Different types of landing page
We have to bear in mind that there are different types of landing pages that work best depending on the campaign objectives and whether it is a short-term or long-term campaign. There are three main choice. The first is a landing page integrated into the sites stucture and consistent with standard page templates and navigation for the site. The second is a single landing page specifically created for a campaign with a different look and feel, typically with the top navigation removed. The third is a tabbed landing page or microsite that provides more information
Here are some of the pros and cons.
Landing page option 1. Landing page(s) integrated into site architecture and style
It is most efficient in terms of effort in content creation to make landing pages part of the main site information architecture. The downside is that they may not work so well in terms of converting both direct referrers and browsers navigating from elsewhere on the site. They also need to be search optimised, which may add to costs of the campaign.
Such landing pages in particular category or product pages use what is known as deep linking.
Landing page option 2. Bespoke landing pages that are not part of the main site structure or style
These are used where a more “stripped down” page than standard content is required which focuses on converting visitors from an online ad campaign. Alternatively, if it is a short-term branding campaign then it may be more straightforward to create a microsite separate from the main site with a different look and feel. This often happens where resource cannot be found to create a microsite within the main site, or it is felt that the existing site look and feel cannot deliver the brand impact required.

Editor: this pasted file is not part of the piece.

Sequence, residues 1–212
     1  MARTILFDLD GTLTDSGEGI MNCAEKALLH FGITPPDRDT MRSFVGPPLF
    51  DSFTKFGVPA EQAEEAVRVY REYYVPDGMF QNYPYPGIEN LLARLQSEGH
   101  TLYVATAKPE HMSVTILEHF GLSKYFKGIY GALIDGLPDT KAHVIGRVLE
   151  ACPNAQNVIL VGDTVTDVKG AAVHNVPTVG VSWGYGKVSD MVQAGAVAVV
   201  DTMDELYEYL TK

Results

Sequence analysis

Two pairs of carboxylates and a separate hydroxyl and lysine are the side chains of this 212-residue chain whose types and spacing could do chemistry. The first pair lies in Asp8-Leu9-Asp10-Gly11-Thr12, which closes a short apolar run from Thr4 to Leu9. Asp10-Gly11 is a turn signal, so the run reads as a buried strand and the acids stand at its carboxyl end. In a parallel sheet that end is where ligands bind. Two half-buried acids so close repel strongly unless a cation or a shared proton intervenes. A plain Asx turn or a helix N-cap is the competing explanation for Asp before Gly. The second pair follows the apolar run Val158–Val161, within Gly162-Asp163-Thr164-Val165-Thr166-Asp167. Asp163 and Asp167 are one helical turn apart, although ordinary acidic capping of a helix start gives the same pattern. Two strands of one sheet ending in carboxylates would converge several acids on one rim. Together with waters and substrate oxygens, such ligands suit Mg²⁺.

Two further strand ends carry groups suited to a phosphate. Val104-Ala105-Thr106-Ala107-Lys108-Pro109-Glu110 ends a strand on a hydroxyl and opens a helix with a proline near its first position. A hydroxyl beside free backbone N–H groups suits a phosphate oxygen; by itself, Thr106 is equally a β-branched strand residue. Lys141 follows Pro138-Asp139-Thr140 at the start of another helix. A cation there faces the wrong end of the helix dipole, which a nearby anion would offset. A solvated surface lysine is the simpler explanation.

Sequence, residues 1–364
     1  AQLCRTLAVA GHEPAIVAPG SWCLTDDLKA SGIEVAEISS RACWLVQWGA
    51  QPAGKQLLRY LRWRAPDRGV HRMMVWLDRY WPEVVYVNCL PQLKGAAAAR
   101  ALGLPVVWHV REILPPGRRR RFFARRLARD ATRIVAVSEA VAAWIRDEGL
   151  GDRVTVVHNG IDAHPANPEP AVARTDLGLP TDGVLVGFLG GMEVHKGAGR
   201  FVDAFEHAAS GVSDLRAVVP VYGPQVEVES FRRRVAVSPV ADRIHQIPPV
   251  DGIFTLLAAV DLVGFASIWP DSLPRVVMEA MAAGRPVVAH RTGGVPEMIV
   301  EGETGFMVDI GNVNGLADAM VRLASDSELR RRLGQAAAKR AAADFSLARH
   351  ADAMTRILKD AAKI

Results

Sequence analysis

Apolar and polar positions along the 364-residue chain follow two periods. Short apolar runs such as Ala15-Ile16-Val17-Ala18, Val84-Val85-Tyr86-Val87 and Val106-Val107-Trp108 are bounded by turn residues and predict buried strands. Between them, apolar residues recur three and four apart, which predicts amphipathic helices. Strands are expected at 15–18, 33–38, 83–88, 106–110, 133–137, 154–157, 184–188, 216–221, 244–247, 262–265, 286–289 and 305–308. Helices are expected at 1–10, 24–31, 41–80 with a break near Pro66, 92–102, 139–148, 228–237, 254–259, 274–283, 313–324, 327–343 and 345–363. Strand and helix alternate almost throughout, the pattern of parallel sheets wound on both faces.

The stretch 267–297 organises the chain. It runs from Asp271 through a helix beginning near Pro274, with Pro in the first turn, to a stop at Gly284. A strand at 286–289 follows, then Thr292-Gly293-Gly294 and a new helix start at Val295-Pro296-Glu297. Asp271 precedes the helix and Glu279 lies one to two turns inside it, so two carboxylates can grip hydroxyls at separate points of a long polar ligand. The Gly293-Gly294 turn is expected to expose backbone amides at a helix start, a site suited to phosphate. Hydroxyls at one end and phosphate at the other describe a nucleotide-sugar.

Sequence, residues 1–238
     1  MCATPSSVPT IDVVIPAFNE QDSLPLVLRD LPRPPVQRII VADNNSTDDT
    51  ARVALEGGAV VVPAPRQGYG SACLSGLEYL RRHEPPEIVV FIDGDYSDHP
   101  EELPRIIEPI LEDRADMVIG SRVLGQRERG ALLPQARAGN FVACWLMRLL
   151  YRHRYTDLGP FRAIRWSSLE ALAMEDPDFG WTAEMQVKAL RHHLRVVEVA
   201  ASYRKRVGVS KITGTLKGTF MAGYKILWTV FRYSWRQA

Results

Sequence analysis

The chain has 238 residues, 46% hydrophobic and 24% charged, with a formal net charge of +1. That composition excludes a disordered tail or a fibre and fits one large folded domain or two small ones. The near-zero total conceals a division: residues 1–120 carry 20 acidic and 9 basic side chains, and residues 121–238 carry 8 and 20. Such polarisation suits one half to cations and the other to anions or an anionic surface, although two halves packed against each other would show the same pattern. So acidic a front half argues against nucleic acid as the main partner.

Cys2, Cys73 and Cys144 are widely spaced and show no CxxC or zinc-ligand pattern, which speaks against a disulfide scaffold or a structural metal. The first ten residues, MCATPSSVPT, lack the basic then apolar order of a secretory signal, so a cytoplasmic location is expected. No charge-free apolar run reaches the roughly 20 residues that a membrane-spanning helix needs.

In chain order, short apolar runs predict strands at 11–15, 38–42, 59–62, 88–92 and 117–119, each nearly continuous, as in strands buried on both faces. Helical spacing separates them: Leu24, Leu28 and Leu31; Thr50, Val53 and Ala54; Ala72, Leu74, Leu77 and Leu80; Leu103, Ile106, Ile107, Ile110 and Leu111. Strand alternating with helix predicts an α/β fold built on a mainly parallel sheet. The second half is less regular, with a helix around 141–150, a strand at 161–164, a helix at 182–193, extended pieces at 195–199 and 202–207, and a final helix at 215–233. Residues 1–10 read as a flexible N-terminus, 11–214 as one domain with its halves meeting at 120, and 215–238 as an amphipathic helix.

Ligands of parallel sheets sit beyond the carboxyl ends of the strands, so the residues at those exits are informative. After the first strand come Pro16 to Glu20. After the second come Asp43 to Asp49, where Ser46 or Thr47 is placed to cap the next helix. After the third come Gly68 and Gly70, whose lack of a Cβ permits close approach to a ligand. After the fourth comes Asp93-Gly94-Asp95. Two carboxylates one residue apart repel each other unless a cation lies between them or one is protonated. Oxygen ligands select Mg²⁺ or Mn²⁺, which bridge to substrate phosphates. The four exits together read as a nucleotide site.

So this approach is used since it can potentially produce higher conversion rates or produce a microsite more consistent with the campaign goals and style. The disadvantages are that this approach requires more effort and maintenance and often result in a poorer user experience since the page will look and work differently to elsewhere in the site. If it is a completely separate site with a separate domain, a big disadvantage of this approach is that due to the Google sandbox effect, it is not likely to be included in the search results for several months. Given this it is really essential that the site is incorporated within the same domain – for example www.quotemehappy.com redirects to the main Norwich Union site.
Landing page option 3. Microsites with several pages or tabbed landing pages
There is an obvious problem with option 2, many visitors to the page will not be at the right point in the buying cycle to convert. Yes, such a landing page will often increase single visit conversion rates because of its simplicity – limited choice and simplified messages, but it doesn’t offer sufficient information for site visitors not in “buying mode”.